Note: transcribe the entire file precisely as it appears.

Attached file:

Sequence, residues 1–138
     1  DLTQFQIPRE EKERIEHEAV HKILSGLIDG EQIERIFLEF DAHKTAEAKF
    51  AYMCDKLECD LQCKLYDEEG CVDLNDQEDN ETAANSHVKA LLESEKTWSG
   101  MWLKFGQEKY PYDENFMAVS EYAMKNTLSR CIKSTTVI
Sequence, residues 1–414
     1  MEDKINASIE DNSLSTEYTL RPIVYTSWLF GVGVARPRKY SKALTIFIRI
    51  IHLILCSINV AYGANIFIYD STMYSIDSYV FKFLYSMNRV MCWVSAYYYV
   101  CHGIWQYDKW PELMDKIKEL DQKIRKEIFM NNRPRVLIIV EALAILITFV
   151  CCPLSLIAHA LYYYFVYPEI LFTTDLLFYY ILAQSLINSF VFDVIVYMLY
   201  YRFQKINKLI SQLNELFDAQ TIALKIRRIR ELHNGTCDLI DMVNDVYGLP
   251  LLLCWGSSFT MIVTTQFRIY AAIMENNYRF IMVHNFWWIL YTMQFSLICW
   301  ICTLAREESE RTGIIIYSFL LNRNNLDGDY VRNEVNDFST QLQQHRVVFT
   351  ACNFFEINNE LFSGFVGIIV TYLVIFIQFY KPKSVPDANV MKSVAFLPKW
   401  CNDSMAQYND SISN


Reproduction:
Sequence, residues 1–138
     1  DLTQFQIPRE EKERIEHEAV HKILSGLIDG EQIERIFLEF DAHKTAEAKF
    51  AYMCDKLECD LQCKLYDEEG CVDLNDQEDN ETAANSHVKA LLESEKTWSG
   101  MWLKFGQEKY PYDENFMAVS EYAMKNTLSR CIKSTTVI
Sequence, residues 1–414
     1  MEDKINASIE DNSLSTEYTL RPIVYTSWLF GVGVARPRKY SKALTIFIRI
    51  IHLILCSINV AYGANIFIYD STMYSIDSYV FKFLYSMNRV MCWVSAYYYV
   101  CHGIWQYDKW PELMDKIKEL DQKIRKEIFM NNRPRVLIIV EALAILITFV
   151  CCPLSLIAHA LYYYFVYPEI LFTTDLLFYY ILAQSLINSF VFDVIVYMLY
   201  YRFQKINKLI SQLNELFDAQ TIALKIRRIR ELHNGTCDLI DMVNDVYGLP
   251  LLLCWGSSFT MIVTTQFRIY AAIMENNYRF IMVHNFWWIL YTMQFSLICW
   301  ICTLAREESE RTGIIIYSFL LNRNNLDGDY VRNEVNDFST QLQQHRVVFT
   351  ACNFFEINNE LFSGFVGIIV TYLVIFIQFY KPKSVPDANV MKSVAFLPKW
   401  CNDSMAQYND SISN